Court: Social Security Beneficiaries Cannot Drop Medicare Eligibility
On Tuesday, a federal appeals court ruled that U.S. residents enrolled in Social Security cannot forgo their legal right to receive Medicare benefits, The Hill's "Healthwatch" reports.
In the case, five plaintiffs -- including former House Majority Leader Dick Armey (R-Texas) -- said that they would prefer not to be eligible for Medicare benefits because their private health plans limit coverage for people who qualify for the program (Pecquet, "Healthwatch," The Hill, 2/7).
An attorney for the plaintiffs argued that U.S. residents should be able to keep their Social Security because they earned it, but none of them want the Medicare benefits (Pickler, AP/San Francisco Chronicle, 2/7).
The court ruled that the plaintiffs can decline Medicare benefits and pay for care out of pocket. However, the plaintiffs were seeking a "legal declaration" that they are "not legally entitled to Medicare Part A benefits," according to the court's decision ("Healthwatch," The Hill, 2/7).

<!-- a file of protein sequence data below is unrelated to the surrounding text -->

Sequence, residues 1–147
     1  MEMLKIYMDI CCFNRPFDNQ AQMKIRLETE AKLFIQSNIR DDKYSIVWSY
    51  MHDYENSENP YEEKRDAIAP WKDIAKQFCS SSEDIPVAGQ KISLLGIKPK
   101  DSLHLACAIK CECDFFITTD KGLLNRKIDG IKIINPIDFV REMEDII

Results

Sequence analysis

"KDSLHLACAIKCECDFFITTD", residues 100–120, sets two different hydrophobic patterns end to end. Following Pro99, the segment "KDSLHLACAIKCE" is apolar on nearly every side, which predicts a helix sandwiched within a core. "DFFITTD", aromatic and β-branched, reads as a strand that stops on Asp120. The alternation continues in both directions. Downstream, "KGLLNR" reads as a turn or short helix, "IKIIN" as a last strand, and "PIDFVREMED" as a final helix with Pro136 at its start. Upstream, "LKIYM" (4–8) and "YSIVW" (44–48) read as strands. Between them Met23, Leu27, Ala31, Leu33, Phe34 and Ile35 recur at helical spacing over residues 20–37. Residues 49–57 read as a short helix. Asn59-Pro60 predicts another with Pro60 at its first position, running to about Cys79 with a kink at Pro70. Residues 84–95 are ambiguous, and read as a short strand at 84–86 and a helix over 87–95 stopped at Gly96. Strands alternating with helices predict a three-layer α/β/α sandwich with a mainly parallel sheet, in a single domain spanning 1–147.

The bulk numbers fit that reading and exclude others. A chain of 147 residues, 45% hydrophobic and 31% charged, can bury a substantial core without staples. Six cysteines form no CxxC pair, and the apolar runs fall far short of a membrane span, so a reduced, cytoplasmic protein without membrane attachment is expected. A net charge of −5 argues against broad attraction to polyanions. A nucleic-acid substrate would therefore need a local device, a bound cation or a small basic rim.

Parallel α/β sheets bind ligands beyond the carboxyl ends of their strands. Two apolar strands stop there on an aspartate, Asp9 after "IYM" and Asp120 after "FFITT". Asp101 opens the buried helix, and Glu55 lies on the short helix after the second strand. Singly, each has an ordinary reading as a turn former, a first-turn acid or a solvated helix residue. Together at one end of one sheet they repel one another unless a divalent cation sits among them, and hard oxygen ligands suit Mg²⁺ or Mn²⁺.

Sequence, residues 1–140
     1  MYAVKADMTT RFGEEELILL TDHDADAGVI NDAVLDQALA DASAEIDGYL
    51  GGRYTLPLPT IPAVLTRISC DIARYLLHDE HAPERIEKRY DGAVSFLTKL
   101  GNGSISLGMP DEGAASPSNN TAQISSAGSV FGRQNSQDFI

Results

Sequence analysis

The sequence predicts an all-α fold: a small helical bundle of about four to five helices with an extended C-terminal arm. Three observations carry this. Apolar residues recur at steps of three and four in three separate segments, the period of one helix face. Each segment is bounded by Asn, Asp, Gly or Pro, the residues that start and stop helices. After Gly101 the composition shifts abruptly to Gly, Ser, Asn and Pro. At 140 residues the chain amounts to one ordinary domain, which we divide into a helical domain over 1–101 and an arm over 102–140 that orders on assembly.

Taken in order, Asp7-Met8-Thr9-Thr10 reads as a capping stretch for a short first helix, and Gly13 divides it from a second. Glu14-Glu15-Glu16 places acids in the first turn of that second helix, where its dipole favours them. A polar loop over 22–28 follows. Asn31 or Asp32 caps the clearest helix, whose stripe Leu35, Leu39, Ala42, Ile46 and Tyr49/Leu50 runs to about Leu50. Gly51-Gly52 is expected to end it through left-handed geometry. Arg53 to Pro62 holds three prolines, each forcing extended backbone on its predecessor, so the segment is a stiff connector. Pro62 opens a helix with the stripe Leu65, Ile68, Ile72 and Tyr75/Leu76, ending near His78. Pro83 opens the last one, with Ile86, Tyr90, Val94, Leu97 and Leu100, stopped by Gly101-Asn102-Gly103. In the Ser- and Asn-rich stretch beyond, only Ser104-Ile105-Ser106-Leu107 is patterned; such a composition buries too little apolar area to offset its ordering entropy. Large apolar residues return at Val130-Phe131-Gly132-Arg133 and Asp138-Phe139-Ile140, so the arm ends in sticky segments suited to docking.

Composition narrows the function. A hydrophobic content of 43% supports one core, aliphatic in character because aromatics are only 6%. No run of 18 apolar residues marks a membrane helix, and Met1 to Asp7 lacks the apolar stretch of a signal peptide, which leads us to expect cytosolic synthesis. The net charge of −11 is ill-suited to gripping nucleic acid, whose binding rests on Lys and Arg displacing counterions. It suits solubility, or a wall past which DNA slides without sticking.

One of the three judges, Karen LeCraft Henderson, agreed with the plaintiffs. She wrote that Congress did not intend for the Social Security Administration to penalize individuals who want to decline Medicare eligibility (AP/San Francisco Chronicle, 2/7).
However, the other two judges ruled that U.S. residents who enroll in Social Security automatically are entitled to Medicare benefits.
Judge Brett Kavanaugh, in the majority opinion, wrote, "We understand plaintiffs' frustration with their insurance situation and appreciate their desire for better private insurance coverage" (AP/San Francisco Chronicle, 2/7). However, he added, "You can decline those benefits, but you still remain entitled to them under the statute" ("Healthwatch," The Hill, 2/7).This is part of the California Healthline Daily Edition, a summary of health policy coverage from major news organizations. Sign up for an email subscription.